Their feathers have matured enough now to declare both chicks as males. You can see their gorget feathers forming. The red throat coloring will appear in a few months.

Anna Anna Mama has to feed from the branch now, no room in the inn.

Anna Documenting by iPhone too...


Yes, they let us get this close.Anna She tried to feed on the fly...

Anna Nope, changed her mind, the chicks were full.

Any day now!


3.18.2013  23 days old

Today was a big day. I arrived to find one chick sitting on the rim of the nest, the other still in the nest.

Anna They were busy exercising their wings...

Anna's hummingbird, Calypte anna

Getting a feel for flapping... almost time to take off.


"I'm the king of the world!"


"Hi Mom."


I noticed that Mama doesn't seem to be feeding them bugs anymore, mostly liquid.

Anna Anna

Lot's of grooming.Anna

"Oh y-e-a-h... scratch right there... ahhh... dude that feels good!"

Anna Mama saw something on a branch that caught her attention. She was picking at it, then flew off.

Anna's hummingbird, Calypte annaMom came back and started nipping at the chick's back end.


She was encouraging him to "Just Do It".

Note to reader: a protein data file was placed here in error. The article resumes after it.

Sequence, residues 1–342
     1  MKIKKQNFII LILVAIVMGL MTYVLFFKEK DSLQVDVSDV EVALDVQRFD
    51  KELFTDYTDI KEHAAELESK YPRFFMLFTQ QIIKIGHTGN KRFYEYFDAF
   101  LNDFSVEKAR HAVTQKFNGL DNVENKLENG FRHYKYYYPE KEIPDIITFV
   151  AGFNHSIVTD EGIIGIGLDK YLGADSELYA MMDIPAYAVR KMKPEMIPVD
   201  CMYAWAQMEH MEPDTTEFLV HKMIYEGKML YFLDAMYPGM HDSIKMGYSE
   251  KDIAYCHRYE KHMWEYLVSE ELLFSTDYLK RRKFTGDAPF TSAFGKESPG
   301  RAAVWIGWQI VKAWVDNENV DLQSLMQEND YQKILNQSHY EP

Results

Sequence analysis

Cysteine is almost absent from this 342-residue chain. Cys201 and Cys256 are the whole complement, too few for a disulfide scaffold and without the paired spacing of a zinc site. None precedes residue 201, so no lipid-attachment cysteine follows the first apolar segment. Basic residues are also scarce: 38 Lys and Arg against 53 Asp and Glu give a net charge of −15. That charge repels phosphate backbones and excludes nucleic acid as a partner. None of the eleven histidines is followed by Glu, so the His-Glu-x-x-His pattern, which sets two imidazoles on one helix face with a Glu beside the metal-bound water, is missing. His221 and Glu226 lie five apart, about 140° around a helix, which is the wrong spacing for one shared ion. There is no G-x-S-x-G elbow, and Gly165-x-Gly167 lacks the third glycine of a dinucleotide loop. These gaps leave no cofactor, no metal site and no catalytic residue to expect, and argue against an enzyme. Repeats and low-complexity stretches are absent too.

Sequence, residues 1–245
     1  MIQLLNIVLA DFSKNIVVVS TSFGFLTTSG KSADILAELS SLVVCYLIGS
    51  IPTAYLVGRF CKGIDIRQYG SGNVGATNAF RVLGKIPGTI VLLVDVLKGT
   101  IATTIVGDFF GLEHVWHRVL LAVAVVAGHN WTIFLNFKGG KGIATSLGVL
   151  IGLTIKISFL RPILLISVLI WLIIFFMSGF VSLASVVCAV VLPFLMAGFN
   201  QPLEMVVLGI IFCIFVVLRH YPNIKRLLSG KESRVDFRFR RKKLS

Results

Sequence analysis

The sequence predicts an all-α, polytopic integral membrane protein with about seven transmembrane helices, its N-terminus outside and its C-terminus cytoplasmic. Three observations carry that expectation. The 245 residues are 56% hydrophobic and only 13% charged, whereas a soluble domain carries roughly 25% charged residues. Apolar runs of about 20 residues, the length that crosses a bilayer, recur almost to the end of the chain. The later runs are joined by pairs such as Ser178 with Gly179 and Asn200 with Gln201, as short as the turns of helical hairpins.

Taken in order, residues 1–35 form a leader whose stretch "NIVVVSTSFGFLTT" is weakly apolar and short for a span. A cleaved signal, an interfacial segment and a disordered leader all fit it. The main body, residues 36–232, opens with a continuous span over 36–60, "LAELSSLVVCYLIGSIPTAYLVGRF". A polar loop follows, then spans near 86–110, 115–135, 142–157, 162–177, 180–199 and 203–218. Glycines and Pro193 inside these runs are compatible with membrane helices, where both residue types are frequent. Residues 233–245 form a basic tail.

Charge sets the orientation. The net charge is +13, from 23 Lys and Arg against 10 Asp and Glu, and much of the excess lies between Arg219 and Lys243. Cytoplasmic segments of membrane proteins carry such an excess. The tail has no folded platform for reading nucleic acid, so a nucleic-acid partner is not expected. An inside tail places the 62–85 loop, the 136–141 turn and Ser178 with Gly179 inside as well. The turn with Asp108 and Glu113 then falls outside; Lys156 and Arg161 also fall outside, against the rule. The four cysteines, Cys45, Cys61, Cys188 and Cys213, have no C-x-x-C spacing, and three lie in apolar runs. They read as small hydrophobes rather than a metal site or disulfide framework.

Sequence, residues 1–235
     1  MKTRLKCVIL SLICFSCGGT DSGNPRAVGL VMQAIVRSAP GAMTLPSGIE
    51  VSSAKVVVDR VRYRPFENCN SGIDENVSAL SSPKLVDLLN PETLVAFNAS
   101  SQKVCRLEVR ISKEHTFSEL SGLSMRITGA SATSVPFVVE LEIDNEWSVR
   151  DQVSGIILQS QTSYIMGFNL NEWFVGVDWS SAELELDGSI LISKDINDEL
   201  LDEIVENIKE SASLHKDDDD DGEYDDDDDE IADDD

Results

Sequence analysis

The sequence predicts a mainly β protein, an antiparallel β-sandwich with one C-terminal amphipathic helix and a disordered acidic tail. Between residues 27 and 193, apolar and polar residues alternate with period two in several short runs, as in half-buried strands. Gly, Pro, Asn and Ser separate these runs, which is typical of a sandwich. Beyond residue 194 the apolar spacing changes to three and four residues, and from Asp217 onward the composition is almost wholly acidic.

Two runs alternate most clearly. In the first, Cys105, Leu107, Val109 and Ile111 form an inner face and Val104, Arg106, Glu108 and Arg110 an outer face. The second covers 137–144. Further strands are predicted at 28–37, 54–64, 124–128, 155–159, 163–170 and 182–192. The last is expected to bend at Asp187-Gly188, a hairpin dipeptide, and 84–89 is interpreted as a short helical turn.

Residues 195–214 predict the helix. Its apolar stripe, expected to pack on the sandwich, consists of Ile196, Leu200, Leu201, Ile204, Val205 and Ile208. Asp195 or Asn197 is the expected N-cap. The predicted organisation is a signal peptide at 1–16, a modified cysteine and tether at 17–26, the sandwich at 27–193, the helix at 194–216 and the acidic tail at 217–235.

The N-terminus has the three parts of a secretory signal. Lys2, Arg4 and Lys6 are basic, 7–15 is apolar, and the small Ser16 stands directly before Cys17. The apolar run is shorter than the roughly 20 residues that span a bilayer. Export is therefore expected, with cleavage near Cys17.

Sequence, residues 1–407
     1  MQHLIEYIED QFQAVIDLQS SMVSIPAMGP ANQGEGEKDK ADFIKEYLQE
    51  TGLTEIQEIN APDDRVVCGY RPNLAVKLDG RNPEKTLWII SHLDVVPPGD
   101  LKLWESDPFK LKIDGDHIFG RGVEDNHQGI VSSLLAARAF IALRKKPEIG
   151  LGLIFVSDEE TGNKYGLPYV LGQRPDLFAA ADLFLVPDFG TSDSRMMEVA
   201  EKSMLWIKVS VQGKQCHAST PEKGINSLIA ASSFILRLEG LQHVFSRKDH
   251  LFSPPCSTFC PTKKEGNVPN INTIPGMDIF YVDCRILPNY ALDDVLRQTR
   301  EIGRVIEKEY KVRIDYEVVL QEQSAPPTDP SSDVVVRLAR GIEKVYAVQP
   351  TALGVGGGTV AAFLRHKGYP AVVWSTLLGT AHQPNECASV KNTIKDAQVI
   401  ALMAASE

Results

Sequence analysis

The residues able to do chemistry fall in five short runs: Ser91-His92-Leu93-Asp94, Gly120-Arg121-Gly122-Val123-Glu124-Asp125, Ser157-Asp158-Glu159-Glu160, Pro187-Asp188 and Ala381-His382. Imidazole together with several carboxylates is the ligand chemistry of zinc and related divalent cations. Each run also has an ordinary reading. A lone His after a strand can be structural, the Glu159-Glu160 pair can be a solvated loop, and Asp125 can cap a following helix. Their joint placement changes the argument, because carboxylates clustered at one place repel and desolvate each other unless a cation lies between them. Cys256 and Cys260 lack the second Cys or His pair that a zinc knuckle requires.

And sure enough...

Anna Just a few minutes later...


He started flapping his wings...


He experienced his first airborne moment!

Anna's hummingbird, Calypte annaHe flew up the branch about 6-8 inches and landed.


Then made his way back down to the nest and crawled in completely exhausted.

What a Rush!


3.19.2013  24 days old

Bye Bye Birdies!

Today was departure day. I almost missed it! When I arrived, the older chick was already gone, didn't see him anywhere. The younger chick was still sitting on the nest. I set up the flash, as I moved the branch, he must have flown off. I turned around and the nest was vacant! Talk about an empty feeling, after all this not getting to see either of them leave. I was sad. But then...

Anna Look who I saw sitting on a branch just above the nest!

Anna Mama is still feeding him.

Anna He kept licking each branch he landed on.

Anna He flew to several different branches, further and further away.